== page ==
One of the last legal spitball pitchers after the offering was outlawed in 1920, Doak earned the nickname “Spittin’ Bill” because of his pet pitch. Although Doak was a solid pitcher during the Deadball Era and into the Lively Ball Era, he is best remembered for contributions to the game that weren’t found in box scores. While Doak played he was perturbed by the crude gloves players wore and did something about it. He invented a new glove which served as more of a net than the old pancake gloves that were essentially protection to the hand and not conducive to receiving thrown balls. Many boys throughout America owned Bill Doak baseball gloves from the 1920s through the 1950s.
Spittin’ Bill made his Major League debut in 1912 with the Cincinnati Reds. He only pitched one game for Cincy before he embarked on a lengthy career with the Cardinals. He joined the Redbirds in 1913 and had a rough rookie season but he put it all together in 1914 when he paced the senior circuit with a 1.72 ERA. Doak won 19 games in his breakout year and was very stingy with the hits–he surrendered just 193 hits in 256 innings of work. He finished second in the National League with seven shutouts and had a terrific .760 winning percentage.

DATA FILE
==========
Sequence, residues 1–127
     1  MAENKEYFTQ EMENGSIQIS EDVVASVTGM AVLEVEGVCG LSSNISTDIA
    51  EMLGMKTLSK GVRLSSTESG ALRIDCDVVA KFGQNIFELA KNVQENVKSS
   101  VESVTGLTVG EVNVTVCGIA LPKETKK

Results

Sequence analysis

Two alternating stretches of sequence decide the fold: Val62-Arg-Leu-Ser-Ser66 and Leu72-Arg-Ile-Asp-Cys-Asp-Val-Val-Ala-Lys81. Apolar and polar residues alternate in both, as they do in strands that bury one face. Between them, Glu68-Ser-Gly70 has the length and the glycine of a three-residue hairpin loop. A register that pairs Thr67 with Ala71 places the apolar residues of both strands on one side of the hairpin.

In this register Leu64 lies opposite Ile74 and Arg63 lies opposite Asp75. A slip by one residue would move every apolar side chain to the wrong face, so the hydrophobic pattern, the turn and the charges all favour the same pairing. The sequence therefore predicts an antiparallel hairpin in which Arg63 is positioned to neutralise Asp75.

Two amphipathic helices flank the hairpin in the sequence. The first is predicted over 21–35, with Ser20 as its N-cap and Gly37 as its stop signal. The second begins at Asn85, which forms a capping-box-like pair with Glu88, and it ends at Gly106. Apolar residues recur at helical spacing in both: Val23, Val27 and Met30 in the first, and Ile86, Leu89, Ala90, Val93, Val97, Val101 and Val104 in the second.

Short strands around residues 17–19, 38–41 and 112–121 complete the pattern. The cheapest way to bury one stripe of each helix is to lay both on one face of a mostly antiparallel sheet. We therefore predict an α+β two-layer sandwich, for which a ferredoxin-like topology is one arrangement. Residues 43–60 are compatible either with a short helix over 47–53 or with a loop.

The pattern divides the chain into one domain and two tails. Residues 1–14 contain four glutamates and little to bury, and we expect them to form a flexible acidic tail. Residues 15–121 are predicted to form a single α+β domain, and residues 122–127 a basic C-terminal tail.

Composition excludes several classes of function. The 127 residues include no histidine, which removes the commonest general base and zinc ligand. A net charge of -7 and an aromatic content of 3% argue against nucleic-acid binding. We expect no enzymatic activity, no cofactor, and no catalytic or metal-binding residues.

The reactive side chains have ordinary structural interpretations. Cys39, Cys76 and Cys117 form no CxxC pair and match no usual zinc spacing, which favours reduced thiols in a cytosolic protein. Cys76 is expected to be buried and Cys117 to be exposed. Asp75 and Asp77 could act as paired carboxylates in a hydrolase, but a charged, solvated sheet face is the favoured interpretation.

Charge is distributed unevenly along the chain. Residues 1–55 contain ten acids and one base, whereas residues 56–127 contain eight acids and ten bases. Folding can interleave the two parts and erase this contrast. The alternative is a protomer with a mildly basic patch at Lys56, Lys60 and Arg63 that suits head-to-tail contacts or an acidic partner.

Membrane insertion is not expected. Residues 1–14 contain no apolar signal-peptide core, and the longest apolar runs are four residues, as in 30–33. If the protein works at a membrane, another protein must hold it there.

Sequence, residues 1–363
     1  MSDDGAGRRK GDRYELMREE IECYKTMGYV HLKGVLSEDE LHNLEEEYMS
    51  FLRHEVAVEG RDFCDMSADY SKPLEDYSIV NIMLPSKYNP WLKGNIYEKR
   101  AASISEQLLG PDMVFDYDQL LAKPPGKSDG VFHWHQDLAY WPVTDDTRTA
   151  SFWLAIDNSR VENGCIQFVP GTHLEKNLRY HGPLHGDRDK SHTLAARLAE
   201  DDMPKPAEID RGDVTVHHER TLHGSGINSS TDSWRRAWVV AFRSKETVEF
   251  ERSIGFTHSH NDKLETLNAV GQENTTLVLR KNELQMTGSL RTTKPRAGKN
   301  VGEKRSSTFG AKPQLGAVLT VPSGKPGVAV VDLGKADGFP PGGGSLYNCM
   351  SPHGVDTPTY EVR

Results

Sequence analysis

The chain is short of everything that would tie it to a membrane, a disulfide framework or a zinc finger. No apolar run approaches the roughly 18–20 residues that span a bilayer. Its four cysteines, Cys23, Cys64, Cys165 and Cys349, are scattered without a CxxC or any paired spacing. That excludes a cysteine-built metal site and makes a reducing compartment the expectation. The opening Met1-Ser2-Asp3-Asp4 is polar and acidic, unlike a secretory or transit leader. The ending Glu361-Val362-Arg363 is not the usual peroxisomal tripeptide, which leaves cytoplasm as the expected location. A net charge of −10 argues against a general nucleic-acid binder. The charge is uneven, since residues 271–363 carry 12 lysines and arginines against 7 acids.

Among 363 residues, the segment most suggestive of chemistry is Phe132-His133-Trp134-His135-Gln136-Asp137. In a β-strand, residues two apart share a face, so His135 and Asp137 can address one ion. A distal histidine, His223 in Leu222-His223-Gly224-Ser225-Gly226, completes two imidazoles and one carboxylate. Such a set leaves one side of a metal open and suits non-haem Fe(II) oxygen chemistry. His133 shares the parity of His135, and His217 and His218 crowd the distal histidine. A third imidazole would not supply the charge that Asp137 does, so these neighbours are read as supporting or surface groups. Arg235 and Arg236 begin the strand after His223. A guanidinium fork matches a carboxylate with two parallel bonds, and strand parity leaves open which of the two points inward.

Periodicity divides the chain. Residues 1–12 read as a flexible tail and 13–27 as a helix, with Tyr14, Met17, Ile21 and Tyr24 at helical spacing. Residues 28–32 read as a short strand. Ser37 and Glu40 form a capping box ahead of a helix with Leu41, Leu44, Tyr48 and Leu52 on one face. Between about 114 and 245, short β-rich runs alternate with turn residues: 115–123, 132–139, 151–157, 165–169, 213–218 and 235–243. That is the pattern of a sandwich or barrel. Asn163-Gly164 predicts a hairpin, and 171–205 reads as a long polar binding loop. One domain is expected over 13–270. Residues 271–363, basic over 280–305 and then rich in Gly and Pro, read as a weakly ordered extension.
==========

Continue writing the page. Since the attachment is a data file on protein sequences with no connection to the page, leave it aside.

The upstart Federal League operated as a third Major League in 1914 and 1915 and many players jumped to the new league but Doak stayed with the Cardinals. He won 16 games in 1915 and set his single season high in strikeouts that year. The Federal League collapsed after the 1915 season and the two league platform became the standard again. Doak posted a .600 winning percentage in 1916 and then set his single season high in innings pitched the year after. Although he trimmed his ERA to 2.43 in 1918, the spitball artist saw his record plummet to 9-15 that season. But when the Deadball Era came to a close in 1920 and Bill was still allowed to toss the spitball, he excelled while other pitchers struggled.
Doak posted his only 20-win season in 1920. The following year he captured his second ERA title when he led the National League with a 2.59 mark. A good year for Spittin’ Bill, he went 15-6 in 1921 and posted a great (for the time) strikeout-to-walk ratio of 2.24-to-1. But his solid year wasn’t a beacon for a terrific follow-up season in 1922. That year Doak suffered through his worst season. He was able to get back on track in 1923 but early in the ’24 season he was sent to Wilbert Robinson’s Dodgers for Leo Dickerman. Spittin’ Bill won eleven games for Brooklyn after the deal and had another eleven-win season in 1927. He ended his career in 1929, back with the Cardinals.
W 169/L 157/PCT .518/ERA 2.98/G 453/CG 162/SHO 34/IP 2,783/H 2,676/BB 851/SO 1,014